Your browser is not Javascript enable or you have turn it off. We recommend you to activate for better security reason<div class="billede"><img src="pictures/mini-asusms248b.jpg" alt="Asus MS248B"></div>Connect video & power to Asus MS248B with USB 3.0 - FlatpanelsHD

<div class="billede"><img src="pictures/mini-asusms248b.jpg" alt="Asus MS248B"></div>Connect video & power to Asus MS248B with USB 3.0

10 Jun 2011 | Rasmus Larsen |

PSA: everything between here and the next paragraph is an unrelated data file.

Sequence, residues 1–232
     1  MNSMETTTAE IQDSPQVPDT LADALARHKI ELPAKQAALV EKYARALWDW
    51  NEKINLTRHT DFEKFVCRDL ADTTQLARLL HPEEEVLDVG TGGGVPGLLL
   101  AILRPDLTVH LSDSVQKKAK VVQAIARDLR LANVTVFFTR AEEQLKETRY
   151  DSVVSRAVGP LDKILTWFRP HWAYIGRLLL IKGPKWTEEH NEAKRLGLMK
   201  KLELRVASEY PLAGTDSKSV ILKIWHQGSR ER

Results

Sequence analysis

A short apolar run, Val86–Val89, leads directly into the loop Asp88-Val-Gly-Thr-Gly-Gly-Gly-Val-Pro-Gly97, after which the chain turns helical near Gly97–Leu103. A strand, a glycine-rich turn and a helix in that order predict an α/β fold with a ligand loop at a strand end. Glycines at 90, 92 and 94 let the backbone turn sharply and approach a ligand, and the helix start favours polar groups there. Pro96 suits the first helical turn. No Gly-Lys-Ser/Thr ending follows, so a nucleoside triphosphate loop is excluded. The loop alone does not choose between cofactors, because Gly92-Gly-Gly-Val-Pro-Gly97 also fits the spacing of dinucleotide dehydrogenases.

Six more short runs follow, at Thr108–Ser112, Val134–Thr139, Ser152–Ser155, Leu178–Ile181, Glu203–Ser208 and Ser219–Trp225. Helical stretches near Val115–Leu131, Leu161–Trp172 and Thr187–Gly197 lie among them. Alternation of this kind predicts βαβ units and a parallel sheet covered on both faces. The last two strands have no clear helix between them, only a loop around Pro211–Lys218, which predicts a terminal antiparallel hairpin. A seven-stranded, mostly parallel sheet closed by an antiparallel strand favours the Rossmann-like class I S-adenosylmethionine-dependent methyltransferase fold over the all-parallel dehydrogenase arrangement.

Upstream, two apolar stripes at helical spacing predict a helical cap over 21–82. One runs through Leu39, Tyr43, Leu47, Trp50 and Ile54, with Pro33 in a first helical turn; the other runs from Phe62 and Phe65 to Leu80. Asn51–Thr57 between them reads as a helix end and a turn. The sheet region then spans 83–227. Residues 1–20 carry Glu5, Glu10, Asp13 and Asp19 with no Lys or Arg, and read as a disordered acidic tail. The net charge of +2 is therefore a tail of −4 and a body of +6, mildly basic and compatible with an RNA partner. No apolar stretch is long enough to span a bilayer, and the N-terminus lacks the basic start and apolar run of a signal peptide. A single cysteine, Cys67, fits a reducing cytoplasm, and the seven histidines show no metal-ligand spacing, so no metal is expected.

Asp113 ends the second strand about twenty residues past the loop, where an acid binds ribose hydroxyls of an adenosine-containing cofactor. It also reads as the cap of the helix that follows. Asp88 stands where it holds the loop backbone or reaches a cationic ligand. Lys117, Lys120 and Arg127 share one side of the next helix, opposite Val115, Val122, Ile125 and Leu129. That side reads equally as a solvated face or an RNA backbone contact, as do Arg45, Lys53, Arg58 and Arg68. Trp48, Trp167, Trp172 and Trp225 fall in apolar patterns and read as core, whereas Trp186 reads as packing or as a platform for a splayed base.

Asus’ new 24-inch monitor MS248B looks like the average PC monitor at first glance. However, it has one very unique feature. MS248B only requires a single USB 3.0 cable to transmit power and video.<br /><br /><h3>Asus MS248B only needs one cable</h3>We have seen several examples of monitors that were based on USB 2.0 as well as <a href= target=_blank><b>wireless monitors</b></a>. But all of them required a separate power cable.<br /><br />Asus plans to change that when they release their new 24-inch MS248B monitor. MS248B only has one input USB 3.0 (successor to USB 2.0 with higher bandwidth) connector. USB 3.0 takes care of both video signals and power from the PC and that means that you can ditch the separate power cable.<br /><br /><p align=center><a id="thumb" href="pictures/asusms248b-1l.jpg" class="highslide" rel="highslide"><img class="imgresponsive" src="pictures/asusms248b-1.jpg" alt="Asus MS248B is first USB-powered monitor" title="Click to enlarge" /></a><br><i>Asus MS248B is first USB-powered monitor</i></p><br />So how is that possible? First and foremost because of the monitor’s extremely low power consumption. By using Edge LED lighting and removing all unnecessary features such as speakers, webcam, card reader and audio outputs, Asus has managed to lower power consumption to just 9 W - low enough to be supported by USB 3.0.<br /><br />Still, the monitor has the same specs as most 24-inch monitors today with a 1920x1080 resolution, 2 ms (g2g) response time and a 16.5 mm thick cabinet. The monitor is based on a TN panel.<br /><br />Thus, USB 3.0 could prove to be a valuable addition for future PC monitors if manufacturers embrace the standard. Today, USB 2.0 is widely incorporated and also used in some monitors for video signals. However, it has too low bandwidth to support high quality pictures. USB 3.0 will be competing with Apple/Intel's new Thunderbolt connector that also supports video signals. <br /><br /><i>Source: <a href= target=_blank></a></i>

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